SEOs and internet marketers have a bad rap; underhanded, black hat strategies resulting in penalties have tarnished the industry’s reputation. Fact of the matter is a lot of people doing SEO don’t know what white hat practices are because they’ve never read Google’s webmaster guidelines. Because of that, I’m giving you a tell all, behind the scenes look at what honest internet marketers do. These basic SEO strategies, if done correctly, can significantly help your website, and do it the right way.
The title tag is one of the most important on-site aspects regarding on-site SEO. The title tag of a webpage is the text that appears in the tab of your browser, and this text is what Google will almost always use as the anchor text.
Placing relevant keywords in your title tag can significantly help you rank for those keywords. The goal here isn’t to cram as many keywords as possible—that’s called keyword stuffing, you want to target a long-tail search phrase that also uses the keywords from a shorter search phrase, thus giving you a higher chance of ranking for both. So if you are an advertising agency, “Full Service Advertising and Marketing Agency” is a good Title tag, as it includes derivations of “full service advertising agency”, “marketing agency”, “advertising agency”, “full service marketing agency”, etc. Not only do you want keywords here, but you want something that is going to appeal to the user. This is where click through rate comes into play. You can show up in search results all day long, but if no one is clicking your link you’re not going to bring in any potential customers, or clients. To learn more about how to find the proper keywords to target check out SEO Basics.
Now that the title tag is out of the way we’ll move onto your meta description. Different content management systems will populate these from different areas. If you use WordPress, Yoast is a great plugin for title tags and meta descriptions. The meta description of a page is what Google will usually display as the snippet (short description under link in search results) in their listing for your site. Having a well written meta description that includes a few of your targeted keywords can help your click through rate.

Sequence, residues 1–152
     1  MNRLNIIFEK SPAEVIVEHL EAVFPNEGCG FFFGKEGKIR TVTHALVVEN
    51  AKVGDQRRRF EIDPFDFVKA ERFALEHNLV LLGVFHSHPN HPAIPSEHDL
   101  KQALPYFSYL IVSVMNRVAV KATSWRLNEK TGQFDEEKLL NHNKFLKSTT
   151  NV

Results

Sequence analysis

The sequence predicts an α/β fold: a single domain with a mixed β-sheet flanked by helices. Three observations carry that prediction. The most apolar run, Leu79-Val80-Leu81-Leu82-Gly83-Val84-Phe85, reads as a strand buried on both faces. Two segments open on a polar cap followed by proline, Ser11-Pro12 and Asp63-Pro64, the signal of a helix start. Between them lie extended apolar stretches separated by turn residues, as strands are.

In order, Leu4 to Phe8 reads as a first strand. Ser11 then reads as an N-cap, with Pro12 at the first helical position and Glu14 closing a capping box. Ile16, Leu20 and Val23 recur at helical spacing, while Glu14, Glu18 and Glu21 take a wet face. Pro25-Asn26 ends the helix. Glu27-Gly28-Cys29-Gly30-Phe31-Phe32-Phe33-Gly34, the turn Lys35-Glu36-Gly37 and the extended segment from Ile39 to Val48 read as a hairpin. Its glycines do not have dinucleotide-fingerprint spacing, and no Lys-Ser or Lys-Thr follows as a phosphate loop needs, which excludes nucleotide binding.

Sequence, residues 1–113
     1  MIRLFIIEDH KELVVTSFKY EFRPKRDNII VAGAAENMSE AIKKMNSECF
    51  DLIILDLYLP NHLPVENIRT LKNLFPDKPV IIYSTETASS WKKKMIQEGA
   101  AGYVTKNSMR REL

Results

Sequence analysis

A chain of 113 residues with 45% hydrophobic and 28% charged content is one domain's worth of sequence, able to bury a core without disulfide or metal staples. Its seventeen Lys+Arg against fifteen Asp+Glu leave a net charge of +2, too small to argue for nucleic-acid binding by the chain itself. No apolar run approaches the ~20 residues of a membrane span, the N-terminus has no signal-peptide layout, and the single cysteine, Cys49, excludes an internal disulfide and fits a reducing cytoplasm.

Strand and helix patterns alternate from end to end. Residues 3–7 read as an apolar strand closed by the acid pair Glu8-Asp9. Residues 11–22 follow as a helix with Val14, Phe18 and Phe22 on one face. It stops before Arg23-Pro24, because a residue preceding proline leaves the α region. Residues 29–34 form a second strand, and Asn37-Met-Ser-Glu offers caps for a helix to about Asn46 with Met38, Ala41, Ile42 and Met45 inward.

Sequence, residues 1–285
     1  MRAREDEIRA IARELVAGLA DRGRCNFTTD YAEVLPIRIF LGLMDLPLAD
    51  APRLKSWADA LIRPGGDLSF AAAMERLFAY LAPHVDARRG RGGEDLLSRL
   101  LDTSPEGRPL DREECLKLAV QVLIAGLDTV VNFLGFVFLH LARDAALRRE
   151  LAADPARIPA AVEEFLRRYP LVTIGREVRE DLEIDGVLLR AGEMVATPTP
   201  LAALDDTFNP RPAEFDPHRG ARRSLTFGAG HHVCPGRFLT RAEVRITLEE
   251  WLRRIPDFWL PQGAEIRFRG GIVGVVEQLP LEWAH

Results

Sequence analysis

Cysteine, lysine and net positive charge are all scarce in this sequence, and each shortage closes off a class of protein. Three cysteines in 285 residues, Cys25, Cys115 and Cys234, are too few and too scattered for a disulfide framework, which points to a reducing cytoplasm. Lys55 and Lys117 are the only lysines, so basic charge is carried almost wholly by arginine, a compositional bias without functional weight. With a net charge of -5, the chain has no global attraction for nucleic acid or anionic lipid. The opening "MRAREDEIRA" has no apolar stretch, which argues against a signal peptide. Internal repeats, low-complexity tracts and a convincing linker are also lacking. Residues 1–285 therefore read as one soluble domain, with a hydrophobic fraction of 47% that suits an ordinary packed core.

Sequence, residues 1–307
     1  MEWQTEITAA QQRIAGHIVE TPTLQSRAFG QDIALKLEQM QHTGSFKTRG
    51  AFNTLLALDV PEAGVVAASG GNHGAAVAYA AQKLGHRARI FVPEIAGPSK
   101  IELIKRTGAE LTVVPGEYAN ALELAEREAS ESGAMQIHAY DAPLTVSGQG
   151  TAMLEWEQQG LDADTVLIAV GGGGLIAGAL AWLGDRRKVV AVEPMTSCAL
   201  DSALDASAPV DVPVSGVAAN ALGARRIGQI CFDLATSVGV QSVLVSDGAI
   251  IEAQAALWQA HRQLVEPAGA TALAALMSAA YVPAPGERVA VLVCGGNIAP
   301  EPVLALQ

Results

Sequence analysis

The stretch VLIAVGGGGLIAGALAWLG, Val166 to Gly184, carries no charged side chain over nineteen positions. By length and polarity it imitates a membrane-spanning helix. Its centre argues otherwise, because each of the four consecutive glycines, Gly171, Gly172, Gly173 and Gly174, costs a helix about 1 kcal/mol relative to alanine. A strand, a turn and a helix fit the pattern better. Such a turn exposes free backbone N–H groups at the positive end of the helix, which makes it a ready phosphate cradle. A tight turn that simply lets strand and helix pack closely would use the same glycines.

Schema.org mark-ups provide information to Google in a structured manner, the manner in which Google prefers. They also provide Google the ability to provide rich snippet info to the user. A rich snippet looks like this:
Dates and locations are listed in the snippet because the site used schema mark-ups, allowing Google to provide this information to the user. These mark-ups go far beyond just concert dates and locations; they can be used to provide information about photos on your site, products you may sell, or the location of your business. Schema is the most relevant way to provide Google with information about your site. These mark-ups will, however, most likely need to be implemented by a web designer specializing in SEO/Schema mark-ups.
I’m not going to touch too much on alt tags and on-site keywords usage. There is plenty of information out there.
Creating local pages describing what you provide to those local areas can be a great advantage in localized search results. For example, if you have a fish tank cleaning service, create a page called yoursite.com/baltimore-fish-tank-cleaning with all areas in that location served and what services you provide to that area on the page. The other option is to create a URL similar to this: yoursite.com/fish-tank-cleaning/caltimore. This increases your chances of showing up in search results for people located in Baltimore, or whichever area you target.
One way Google calculates the quality of your website is by measuring the time your website takes to respond. Your website may have too many images or videos that can cause a slower response time, and, if that’s the case, Google views this as creating a potentially poor user experience, and your rankings may suffer. (Remember, Google is about user experience, so you should always take that into account when implementing SEO.) You can test your site’s speed with Google’s page speed in their developer tools. After the test is run, it will give you tips on how to increase the speed of your web page, if needed.
One of the ways Google determines the value of a website is by the amount of quality links on the web that point to that website.
In the past, general online directories were used to rack up external links. This strategy is no longer in use by reputable companies, as Google has changed its spam algorithm to discount these links. The honest way is the best way.